Using Effective Communication and Technology to Thrive Pre- and Post-Disaster

September 17, 2018 Tina Bolding

This is a guest post from Ashlee Sang, Content Manager at Telecom4Good

Whether you’re working in the most remote corners of the world or managing the aftermath of a natural disaster in an urban hub, proper equipment and training are essential to developing your organization and the communities where you work. Securing stable technology in the aftermath of an emergency situation is top priority, not only to communicate with disaster victims, but also to reach international offices and relief agencies with the resources to help. Wi-Fi equipment is needed to facilitate response efforts. Reliable Internet also provides access to online training from DisasterReady to find strategies and solutions as new issues arise.

Communication channels become imperative to survival when dealing with emergencies, allowing first responders on the ground to meet basic needs and share information. At Telecom4Good, we do not want budget or access to be a barrier to having top quality communications technology. Through our Disaster Response Donation Program, NGOs can borrow Cisco Meraki equipment to build wireless networks during the critical period after natural disasters strike. We provide configuration and setup assistance, along with equipment monitoring, so relief workers are fully operational. Once the area is stable, the equipment is returned to us using Telecom4Good funds. This entire program is cost-free for our NGO partners and deployment is available within hours of the disaster hitting.

During times of emergency or stability, we believe in the power of the Internet to be a catalyst for change by opening the door to new knowledge. The more people we can get connected to dependable, secure Internet, the more likely they are to find sustainable solutions to personal and social problems. Through our Give Free Wi-Fi Program, we can provide Internet to communities surrounding an NGO office at no additional cost to them or the organization. With our Free Internet to Rural Schools and Health Centers Program, we empower these local leaders to take their efforts to new heights through knowledge found on the Internet. By simply connecting people to the source, the content DisasterReady offers to humanitarian and development organizations can be truly transformational to individuals, organizations, and entire communities.

Our flagship program, the Bandwidth Aggregation Program​ (BAP), leverages the power of collaboration to save you and neighboring NGOs 30-55% on Internet costs through group rates with trusted Internet service providers. Better, more reliable Internet facilitates easier communication between offices and makes staff’s time more efficient. A common frustration is slow and unstable Internet, especially for teams placed in field offices or those needing to get in touch with staff in remote areas. This connectivity problem is widespread and not only wastes time, but also prevents real-time collaborative decision-making. The BAP allows organizations to increase their programmatic impact by decreasing their IT costs and effort spent trying to get—and stay—connected.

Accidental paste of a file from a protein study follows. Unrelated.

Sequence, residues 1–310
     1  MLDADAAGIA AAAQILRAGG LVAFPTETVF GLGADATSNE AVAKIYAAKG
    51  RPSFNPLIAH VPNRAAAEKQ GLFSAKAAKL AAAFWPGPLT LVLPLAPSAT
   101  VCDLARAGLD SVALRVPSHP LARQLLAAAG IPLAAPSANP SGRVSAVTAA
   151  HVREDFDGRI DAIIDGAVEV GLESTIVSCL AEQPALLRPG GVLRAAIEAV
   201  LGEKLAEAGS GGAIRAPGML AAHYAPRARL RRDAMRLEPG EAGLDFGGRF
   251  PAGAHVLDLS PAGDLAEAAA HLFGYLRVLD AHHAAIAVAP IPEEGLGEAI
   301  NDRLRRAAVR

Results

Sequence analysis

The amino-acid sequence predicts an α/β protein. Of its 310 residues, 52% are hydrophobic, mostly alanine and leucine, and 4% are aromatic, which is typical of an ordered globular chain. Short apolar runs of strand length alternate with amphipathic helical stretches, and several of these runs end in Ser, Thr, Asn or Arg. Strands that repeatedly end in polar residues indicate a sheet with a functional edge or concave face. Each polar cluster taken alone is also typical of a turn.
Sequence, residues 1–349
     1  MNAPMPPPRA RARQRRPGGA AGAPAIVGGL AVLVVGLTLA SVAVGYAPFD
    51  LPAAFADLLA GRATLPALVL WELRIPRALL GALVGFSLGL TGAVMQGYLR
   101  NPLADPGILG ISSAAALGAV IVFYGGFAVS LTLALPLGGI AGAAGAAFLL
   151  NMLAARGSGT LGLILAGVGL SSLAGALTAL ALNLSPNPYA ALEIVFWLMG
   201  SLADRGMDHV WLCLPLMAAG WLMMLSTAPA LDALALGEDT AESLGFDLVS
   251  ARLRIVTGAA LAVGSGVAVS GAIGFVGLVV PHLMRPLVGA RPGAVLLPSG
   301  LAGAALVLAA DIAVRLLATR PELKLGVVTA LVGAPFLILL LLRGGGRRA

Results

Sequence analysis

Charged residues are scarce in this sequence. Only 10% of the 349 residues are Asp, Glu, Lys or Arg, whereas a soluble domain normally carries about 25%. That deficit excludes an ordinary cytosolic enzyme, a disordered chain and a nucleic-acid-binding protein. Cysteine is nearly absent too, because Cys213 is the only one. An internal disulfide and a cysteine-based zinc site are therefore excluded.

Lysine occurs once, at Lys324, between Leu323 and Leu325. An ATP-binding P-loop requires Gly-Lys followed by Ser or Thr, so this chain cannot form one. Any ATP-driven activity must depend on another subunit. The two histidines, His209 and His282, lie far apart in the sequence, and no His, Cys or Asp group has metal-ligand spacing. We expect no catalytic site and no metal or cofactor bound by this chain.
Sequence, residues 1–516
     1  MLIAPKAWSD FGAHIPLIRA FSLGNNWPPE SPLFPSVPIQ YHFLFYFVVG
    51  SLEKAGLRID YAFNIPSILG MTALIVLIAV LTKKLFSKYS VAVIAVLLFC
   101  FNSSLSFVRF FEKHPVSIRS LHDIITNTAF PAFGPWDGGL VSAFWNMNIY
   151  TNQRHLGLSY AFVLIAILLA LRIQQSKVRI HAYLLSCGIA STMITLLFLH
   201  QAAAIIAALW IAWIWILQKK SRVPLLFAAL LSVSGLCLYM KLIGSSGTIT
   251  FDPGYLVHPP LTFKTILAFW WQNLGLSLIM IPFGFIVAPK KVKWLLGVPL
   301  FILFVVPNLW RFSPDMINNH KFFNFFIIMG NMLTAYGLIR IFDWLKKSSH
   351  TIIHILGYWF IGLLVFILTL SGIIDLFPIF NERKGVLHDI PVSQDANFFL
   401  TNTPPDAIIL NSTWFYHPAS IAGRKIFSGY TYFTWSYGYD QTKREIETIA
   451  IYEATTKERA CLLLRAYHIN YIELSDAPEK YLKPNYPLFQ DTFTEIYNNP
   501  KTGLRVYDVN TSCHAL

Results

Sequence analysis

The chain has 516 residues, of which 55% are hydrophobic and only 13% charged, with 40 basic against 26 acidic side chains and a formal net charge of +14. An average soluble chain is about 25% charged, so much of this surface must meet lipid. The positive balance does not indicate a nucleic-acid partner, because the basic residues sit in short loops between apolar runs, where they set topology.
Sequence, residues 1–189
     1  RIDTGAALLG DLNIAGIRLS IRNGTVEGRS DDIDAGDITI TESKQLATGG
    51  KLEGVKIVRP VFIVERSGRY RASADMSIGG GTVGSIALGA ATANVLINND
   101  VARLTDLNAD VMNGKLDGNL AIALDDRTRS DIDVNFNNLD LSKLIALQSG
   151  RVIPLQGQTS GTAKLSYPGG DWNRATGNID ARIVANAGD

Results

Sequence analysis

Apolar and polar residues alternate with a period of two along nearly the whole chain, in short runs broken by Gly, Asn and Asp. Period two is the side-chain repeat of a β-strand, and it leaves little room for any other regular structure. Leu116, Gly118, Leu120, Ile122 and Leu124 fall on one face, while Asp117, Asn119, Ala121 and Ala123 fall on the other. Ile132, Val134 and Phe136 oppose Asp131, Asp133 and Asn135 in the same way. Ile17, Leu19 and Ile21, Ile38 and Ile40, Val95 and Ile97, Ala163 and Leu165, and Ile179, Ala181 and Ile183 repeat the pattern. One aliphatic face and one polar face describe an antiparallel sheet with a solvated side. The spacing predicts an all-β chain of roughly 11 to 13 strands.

Both DisasterReady and Telecom4Good’s goal is to equip humanitarians around the world. While DisasterReady uses eLearning to spark development, we facilitate growth through the tools and networks needed to get connected. Our programs save our NGO partners money and internal resources so they can focus on what they do best—developing their own programs for communities in need. Technology and knowledge have a symbiotic history and will continue to fuel progress within NGOs and the communities they serve.


About the Author

Tina Bolding is the Director of and is responsible for the strategy, development and outreach for this effort to support the critical and demanding training needs of the global humanitarian community. Before joining the Foundation, Tina served as chief human resources officer at Food for the Hungry, an international relief and development organization, where she built a global HR department and implemented support services to assist HR operations across 22 countries. Tina holds a BA in Organizational Communication and Psychology from the University of Tulsa.


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